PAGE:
Heavy snow moves into Denver metro area; warnings, advisories in effect

Many honor fallen loved ones on Memorial Day weekend

This is an archived article and the information in the article may be outdated. Please look at the time stamp on the story to see when it was last updated.

AURORA, Colo. —At the Colorado Freedom Memorial, more than 30 World War II veterans were honored for their service and their longevity, by hundreds who joined in celebrating more than six-thousand veterans who have given their lives to preserve our freedom.

“I was a belly-gunner on a B-17 and B-29 during the war,” said Al Rehmer. “I was just a farm boy from the eastern plains who joined the Army Air Corps after dropping out of high school. But, when my nation called, I knew I had to fight for freedom.”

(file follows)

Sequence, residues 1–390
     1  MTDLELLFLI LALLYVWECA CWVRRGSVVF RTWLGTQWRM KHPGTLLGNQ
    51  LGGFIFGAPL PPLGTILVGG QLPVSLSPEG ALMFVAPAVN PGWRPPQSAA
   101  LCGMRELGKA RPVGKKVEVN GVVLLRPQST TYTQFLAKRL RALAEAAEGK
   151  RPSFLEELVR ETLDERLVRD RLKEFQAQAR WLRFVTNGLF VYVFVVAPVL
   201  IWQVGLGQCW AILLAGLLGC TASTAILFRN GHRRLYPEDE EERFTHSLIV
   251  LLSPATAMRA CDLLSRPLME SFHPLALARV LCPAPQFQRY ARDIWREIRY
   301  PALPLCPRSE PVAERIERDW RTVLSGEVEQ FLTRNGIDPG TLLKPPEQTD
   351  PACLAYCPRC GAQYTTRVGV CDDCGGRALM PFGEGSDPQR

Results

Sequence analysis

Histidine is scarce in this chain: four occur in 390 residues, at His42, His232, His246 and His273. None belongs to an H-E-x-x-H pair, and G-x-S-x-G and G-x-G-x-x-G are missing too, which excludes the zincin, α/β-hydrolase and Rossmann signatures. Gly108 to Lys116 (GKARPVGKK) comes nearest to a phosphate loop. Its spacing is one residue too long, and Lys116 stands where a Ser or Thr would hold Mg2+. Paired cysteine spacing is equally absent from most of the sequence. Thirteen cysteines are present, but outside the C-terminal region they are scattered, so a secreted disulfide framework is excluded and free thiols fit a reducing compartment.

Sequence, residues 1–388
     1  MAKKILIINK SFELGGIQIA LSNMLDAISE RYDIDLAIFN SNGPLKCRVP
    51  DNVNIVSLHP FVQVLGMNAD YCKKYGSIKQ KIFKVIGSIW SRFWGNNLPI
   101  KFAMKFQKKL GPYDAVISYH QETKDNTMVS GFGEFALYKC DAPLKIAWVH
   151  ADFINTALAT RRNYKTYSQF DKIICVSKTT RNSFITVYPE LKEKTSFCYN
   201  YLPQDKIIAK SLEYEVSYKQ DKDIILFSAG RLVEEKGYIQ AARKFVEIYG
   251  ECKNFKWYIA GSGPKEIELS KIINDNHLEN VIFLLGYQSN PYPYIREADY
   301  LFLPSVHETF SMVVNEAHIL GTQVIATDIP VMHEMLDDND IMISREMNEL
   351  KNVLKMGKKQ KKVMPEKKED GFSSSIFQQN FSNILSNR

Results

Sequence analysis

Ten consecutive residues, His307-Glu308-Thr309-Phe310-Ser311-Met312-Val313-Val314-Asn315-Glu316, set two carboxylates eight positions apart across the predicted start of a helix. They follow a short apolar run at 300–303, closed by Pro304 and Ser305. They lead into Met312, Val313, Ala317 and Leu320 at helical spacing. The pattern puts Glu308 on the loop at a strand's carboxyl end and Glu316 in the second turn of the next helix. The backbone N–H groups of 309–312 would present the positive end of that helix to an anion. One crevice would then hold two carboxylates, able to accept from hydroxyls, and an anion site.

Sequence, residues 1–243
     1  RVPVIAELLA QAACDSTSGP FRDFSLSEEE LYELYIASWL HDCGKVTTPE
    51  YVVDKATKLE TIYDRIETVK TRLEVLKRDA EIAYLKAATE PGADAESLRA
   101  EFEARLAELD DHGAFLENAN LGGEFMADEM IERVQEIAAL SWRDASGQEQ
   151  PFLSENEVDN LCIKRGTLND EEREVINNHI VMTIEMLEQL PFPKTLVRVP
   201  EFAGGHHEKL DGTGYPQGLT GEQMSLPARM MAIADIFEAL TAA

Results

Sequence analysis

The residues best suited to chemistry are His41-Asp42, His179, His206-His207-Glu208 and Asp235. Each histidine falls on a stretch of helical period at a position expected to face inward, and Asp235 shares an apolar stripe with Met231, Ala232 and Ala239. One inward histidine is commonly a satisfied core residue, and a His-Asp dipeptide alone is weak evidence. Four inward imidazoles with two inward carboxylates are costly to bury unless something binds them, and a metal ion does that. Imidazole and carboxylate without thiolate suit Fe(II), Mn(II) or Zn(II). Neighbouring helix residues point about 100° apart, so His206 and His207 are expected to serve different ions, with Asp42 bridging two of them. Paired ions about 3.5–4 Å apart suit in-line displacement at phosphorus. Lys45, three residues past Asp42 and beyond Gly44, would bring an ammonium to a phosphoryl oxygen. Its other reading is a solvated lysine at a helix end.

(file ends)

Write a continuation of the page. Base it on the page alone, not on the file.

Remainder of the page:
Pete Zarlengo was in the U.S. Navy, he operated landing crafts on D-Day at Omaha Beach.

“My ship was in the middle of two others,” said Zarlengo. “Both of those crafts were blown up, my boat made it to shore to drop of men and material several times that day, thank God I made it through.”

As lone eagle WWII planes did fly-overs, many of the aging vets welled up with tears, thinking about what they have lived thru and all those they left behind in battles across either ocean. Pete Gray fought on the ground in Germany and France, his biggest conflict, the Battle of the Bulge.

“I ask myself every day, why me? Why did many of my friends and men in my unit die or get wounded and I never suffered a scratch?”

Questions only God can answer. But, on this day of decoration, this reporter also said ‘big-ups’ to Capt. Hank Bowman, a Tuskegee Airman, who passed a few years back. Just glad I had a chance to help him—along with his grandson Jibri—dedicate the Tuskegee Airman statue at the U.S. Air Force Academy Chapel, back in the day! Off we go Pops into the Wild Blue Yonder! Love you man.